4 people found this helpful

Well-researched, though imbalanced by a narrative

Overall
4 out of 5 stars
Performance
4 out of 5 stars
Story
5 out of 5 stars

Reviewed: 2019-11-21

It's an excellent book for making the case that it sets out to make. Clearly well-researched, and (at least for someone as boring as me) it was an interesting read with minimal filler (though one or two chapters may qualify). My only substantive problem with it is that it felt like the plaintiff's argument on its own, with the facts honed to a particular ideology, anthropomorphizing an industry into a being that can be judged across generations, with no real attempt to explore rebuttal offered by the *individuals* named. In a word, it needs more balance. The audio quality is fine. I marked it 4 stars there because the bar has been raised elsewhere on audible and because the (bizarre) step was taken to play a Russian song in the middle of the book. That's right up there with Tolkien's random elf poetry. Could have been left out.

Good counterweight to Basic Economics

Overall
4 out of 5 stars
Performance
5 out of 5 stars
Story
5 out of 5 stars

Reviewed: 2019-11-21

This book was helpful as a layperson to get a better understanding of left-wing thought on the topic. My only criticism is that these authors do apply principles a bit inconsistently in favour of what I can clearly read as their political orientation. They're fast to point out correlation is not causation with respect to tax cuts for the wealthy and economic growth (even while admitting there is growth, and that they don't know what is really creating it), yet when this same lack of causal connection exists for left-leaning theories, they seem to embrace the correlation as evidence and a reason to push forward. In large part that's human nature, and for me it was actually a bit helpful in using this book as a counterweight to the more individualistic economic thinkers like Sowell. Maybe my best praise is that I filled an A4 page of small-print, concise "interesting notes" on this book, which (for the book's size) is higher than my average, and I mainly only read real classics so that says something.

2 people found this helpful

Excellent narration.

Overall
5 out of 5 stars
Performance
5 out of 5 stars
Story
4 out of 5 stars

Reviewed: 2019-07-02

For classics such as these, the only real way you can judge it from an audio book perspective is narration, for which they did a really good job with this. Letters in Dracula are read by actors playing the role of each letter's author. This way of telling the story really helps to separate the chapters as distinct letters from distinct points of view, rather than having us misunderstand it to be a chapter-by-chapter novel (as would otherwise be easily confused by having one person read the letters one after the other as written). It makes it very easy to follow. Frankenstein was excellent also. Clear, distinct voices for each of the main characters really brings it to life. Well acted throughout.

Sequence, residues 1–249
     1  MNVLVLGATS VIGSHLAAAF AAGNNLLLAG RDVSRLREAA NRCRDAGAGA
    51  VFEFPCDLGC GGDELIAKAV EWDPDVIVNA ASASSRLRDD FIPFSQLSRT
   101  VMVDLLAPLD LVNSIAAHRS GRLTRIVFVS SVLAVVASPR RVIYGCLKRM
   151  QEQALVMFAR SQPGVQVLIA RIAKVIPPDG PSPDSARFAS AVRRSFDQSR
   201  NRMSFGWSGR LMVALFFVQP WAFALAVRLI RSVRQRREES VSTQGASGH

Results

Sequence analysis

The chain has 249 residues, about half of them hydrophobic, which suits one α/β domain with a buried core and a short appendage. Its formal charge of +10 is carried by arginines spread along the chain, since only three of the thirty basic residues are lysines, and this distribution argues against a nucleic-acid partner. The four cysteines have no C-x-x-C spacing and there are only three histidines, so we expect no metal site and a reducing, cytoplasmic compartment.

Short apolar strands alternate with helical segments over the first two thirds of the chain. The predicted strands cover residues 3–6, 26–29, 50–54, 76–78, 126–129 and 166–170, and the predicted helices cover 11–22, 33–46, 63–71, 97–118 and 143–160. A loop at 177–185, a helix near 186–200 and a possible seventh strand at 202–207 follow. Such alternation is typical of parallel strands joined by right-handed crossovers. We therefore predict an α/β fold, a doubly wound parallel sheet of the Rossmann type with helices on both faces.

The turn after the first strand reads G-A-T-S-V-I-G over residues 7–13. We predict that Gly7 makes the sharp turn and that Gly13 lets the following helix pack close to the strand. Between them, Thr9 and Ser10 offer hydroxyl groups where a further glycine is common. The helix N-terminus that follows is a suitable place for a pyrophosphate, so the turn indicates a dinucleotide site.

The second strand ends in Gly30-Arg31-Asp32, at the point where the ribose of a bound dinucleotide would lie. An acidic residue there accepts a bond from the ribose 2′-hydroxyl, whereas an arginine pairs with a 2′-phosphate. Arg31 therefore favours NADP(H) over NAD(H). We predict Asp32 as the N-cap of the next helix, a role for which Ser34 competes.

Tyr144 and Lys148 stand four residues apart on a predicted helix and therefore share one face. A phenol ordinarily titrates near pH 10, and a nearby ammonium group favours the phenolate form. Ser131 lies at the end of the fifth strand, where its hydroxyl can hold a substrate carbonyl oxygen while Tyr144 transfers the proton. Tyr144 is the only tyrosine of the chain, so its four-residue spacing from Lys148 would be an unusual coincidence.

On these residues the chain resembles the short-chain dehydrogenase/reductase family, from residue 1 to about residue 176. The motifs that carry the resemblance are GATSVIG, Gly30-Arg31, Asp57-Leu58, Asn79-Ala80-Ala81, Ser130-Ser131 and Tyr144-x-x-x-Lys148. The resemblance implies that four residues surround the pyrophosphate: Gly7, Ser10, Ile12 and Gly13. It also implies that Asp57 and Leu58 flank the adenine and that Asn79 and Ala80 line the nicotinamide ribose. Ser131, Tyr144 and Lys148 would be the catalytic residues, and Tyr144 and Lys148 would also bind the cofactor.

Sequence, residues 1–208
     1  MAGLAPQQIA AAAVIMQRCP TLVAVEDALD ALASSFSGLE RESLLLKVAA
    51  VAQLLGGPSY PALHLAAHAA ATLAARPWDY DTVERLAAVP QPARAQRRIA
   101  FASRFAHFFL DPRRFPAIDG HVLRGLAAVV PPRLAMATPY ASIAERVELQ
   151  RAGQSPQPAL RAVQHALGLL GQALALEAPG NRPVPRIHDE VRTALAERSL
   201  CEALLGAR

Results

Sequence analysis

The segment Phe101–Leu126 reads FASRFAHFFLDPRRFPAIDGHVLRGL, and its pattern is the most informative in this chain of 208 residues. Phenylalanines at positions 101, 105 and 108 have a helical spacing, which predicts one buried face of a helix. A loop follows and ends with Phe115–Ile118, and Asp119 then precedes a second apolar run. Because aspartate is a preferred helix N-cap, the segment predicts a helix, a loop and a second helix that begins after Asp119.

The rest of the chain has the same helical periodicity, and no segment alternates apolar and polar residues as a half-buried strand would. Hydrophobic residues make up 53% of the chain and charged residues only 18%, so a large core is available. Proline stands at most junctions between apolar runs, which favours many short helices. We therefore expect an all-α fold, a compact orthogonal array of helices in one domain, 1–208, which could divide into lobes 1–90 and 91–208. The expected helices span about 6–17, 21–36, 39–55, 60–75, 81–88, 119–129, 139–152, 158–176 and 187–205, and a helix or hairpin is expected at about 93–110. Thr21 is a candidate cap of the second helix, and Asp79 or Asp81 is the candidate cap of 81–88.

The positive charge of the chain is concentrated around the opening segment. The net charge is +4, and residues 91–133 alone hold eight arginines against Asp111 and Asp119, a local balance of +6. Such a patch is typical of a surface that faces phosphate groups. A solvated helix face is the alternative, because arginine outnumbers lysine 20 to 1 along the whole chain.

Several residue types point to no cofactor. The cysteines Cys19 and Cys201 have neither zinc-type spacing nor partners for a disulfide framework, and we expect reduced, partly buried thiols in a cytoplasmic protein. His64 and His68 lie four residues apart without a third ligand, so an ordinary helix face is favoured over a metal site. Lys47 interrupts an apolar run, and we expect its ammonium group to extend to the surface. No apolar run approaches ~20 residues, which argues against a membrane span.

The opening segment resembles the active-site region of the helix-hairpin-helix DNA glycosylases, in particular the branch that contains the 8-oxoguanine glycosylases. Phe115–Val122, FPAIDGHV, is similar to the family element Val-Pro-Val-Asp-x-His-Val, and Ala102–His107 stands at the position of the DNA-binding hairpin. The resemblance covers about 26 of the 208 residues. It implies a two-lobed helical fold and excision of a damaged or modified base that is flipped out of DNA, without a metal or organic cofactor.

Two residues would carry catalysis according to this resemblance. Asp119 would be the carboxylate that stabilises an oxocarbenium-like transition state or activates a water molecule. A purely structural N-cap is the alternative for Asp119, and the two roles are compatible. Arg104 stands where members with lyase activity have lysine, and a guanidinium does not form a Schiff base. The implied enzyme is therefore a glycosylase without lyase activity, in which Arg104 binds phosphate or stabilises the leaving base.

Great narration. Historically biased writing.

Overall
4 out of 5 stars
Performance
5 out of 5 stars
Story
3 out of 5 stars

Reviewed: 2019-06-10

My main problem with this book is that the author goes beyond the facts and inserts his own narrative. It's fine to point out when Napoleon said something that the facts don't support. It's also fair to draw comparisons of alleged war crimes with actions taken by other countries commonly at the time. What's not fine as an historian is to insert your own moral judgements into the text. Let the reader conclude from the data what to believe about Napoleon. Don't outright tell the reader that what he did was good, or what he did was bad. It's also not fine to put yourself into Napoleon's mind and assert his motives throughout his life. Stick to the facts as we know them, outlining how we've come to know them, but stop there. No complaints about the audio work. It's top notch.

3 people found this helpful

Excellent narration, and very engaging biography

Overall
5 out of 5 stars
Performance
5 out of 5 stars
Story
5 out of 5 stars

Reviewed: 2019-05-31

The book is thoroughly sourced, where the author goes through Churchill's life with referencing memoirs, government records, personal accounts, etc., all with an effort to piece together a true picture of the man. The narration is top tier.

Saddening

Overall
1 out of 5 stars
Performance
5 out of 5 stars
Story
1 out of 5 stars

Reviewed: 2019-03-27